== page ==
The automation profession suffers from the lack of a common understanding of the terms used and their units. By taking a closer look at key terms for plant dynamics, we can have more intelligent discussions and better recognition of the contributing factors so that we can find what part of the loop is the leading cause of poor performance whether it be excessive nonlinearity, delay, or deception.

I recommend every user get a copy of *The Automation System and Instrumentation Dictionary 4 ^{th} Edition* published by International Society of Automation (ISA). Here I give a perspective of the role played and offer some descriptive words preceding the common terms to create more useable and descriptive terms seen in my publications and presentations but not much elsewhere. Let’s start with general terms and once we have that under our belts using a Texas size belt buckle if necessary, move on to specific terms. You can also use your cowboy boots to kick all that bull you now see out of your trail to success.

**General Terms**

The 3 key general terms used for describing all types of dynamics are dead time, time constant, and gain. There are two types of time constants. In almost every case we are talking about a negative feedback time constant. An important and not well understood case for a positive feedback time constant is a runaway reactor with extraordinary performance and safety considerations. A system is nonlinear if the dead time, time constant, or gain changes. Nearly all loops are nonlinear. The most common linear loops are flow or level loops (constant diameter vessel) manipulating the speed of a pump with low static head. Composition, pH, pressure, and temperature loops are nonlinear.

**Dead time** (delay) (sec) is the time after a change in PID output till there is a recognizable change in PID input. Dead time is detrimental wherever it exists because it prevents any recognition of an impending change in a process variable. For an unmeasured disturbance the peak and integrated errors are proportional to dead time and dead time squared, respectively. An increase in dead time makes a loop closer to instability unless retuned. Dead time slows down the setpoint response.

**Time constant** (lag) (sec) is the time for a variable to reach 63% of the final value once the variable starts to change (after the dead time has expired). For runaway processes it is a positive feedback time constant that is the time for a variable to reach 172% of the process value predicted by process gain. A time constant in the process is beneficial in terms of slowing down the effect of an unmeasured disturbance upstream of the time constant (most prevalent case is a disturbance at process input instead of process output as shown in control theory text books). A time constant in the automation system or path of the manipulated flow to the point of entry of the disturbance slows down the recognition and correction. A time constant anywhere slows down the setpoint response. An increase in the largest time constant can reduce the peak and integrated errors observed if the PID is retuned. If the time constant is in the measurement instead of the process, the actual process errors are greater than the observed errors due to filtering action. An increase in any of smaller time constants increase the dead time in a first order plus dead time (single time constant and dead time) approximation.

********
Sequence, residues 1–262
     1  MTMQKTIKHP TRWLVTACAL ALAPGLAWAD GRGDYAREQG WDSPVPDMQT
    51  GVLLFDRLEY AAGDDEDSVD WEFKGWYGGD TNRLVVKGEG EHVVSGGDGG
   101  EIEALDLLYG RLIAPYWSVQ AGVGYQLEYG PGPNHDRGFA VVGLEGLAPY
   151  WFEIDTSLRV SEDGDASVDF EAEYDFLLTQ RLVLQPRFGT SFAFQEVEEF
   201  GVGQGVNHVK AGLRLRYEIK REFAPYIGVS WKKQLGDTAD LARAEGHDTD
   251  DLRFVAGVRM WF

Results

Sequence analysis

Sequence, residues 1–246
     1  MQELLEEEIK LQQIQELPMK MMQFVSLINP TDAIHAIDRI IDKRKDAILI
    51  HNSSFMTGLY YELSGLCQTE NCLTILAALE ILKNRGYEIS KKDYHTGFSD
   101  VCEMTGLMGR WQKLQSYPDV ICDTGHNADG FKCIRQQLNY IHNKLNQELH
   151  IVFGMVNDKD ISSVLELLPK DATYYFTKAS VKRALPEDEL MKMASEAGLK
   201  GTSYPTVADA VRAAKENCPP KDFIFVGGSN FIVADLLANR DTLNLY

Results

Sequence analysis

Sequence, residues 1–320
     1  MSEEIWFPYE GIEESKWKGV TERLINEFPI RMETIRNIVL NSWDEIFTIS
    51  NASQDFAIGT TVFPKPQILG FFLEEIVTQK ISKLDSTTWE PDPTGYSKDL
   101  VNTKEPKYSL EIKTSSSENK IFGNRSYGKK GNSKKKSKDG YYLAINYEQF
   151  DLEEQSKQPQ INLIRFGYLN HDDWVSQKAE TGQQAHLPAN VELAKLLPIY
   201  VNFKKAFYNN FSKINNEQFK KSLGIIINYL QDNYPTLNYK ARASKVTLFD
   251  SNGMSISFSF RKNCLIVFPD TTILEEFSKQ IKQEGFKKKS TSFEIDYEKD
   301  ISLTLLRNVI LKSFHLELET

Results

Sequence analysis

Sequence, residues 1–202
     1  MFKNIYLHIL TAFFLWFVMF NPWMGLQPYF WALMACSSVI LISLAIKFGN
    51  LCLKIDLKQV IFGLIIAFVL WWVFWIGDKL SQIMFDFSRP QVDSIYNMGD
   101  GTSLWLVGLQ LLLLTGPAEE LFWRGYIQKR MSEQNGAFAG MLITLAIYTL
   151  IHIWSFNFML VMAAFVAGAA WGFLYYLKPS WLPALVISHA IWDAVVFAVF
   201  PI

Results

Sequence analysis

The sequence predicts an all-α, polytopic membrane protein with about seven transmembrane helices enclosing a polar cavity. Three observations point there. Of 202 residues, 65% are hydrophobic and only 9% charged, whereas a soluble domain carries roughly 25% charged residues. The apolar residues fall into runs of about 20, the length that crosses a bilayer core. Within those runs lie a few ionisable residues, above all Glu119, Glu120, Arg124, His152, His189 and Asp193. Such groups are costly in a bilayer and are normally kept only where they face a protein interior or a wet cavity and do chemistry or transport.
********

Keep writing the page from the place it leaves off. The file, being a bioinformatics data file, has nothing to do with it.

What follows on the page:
**Gain** is the change in output divided by the change in input to a part of the process or component in the automation system. The units depend upon the part or component. For the PID whose internal algorithm uses % inputs and % outputs, the gains used to reflect what the plant does and how the PID reacts are dimensionless (%/%). For a steady state response, the gain is a final change in output divided by a given change in the input. The gain here is the slope on the plot of the output versus the input. For an integrating response, the gain is a ramp rate divided by the given change. For the PID, an integrating gain reflecting the response of a process is 1/sec (%/sec per %). A high control valve gain (steep slope of installed characteristic) can magnify signal error, deadband, and resolution or threshold sensitivity limits. A low control valve gain (flat slope of the installed characteristic) can cause wandering and excessive wear of the valve. A high process gain is beneficial in terms of increasing sensitivity to detection of disturbances but if too high like in pH can cause excessive variability from valve deadband or resolution or threshold sensitivity limits and measurement noise. In general a high measurement gain is desirable because it corresponds to a smaller span and better accuracy when error is % of span.

**Specific Terms**

**Total loop dead time** (total delay) (sec) is the sum of all the sources of dead time in the loop that can originate in the process and automation system including the PID controller (termed the process dead time in most of the literature). A fraction of all time constants smaller than the largest are converted to dead time. The fraction approaches one as the ratio of the small to large time constant approaches zero. For practical purposes, small time constants are simply summed with all pure delays to estimate the total loop dead time since we usually underestimate the total loop dead time. Dead times from transportation delays are inversely proportional to flow and can dramatically increase at low production rates. The delay from discontinuous devices is ½ the cycle time plus the latency (time after that start of the cycle until the result is available). Thus, the delay from digital controllers is ½ the module execution time and for digital transmitters is ½ the update time. For chromatographs and most at-line analyzers the delay is 1.5 times the cycle time plus any delay from sample transportation and multiplexing.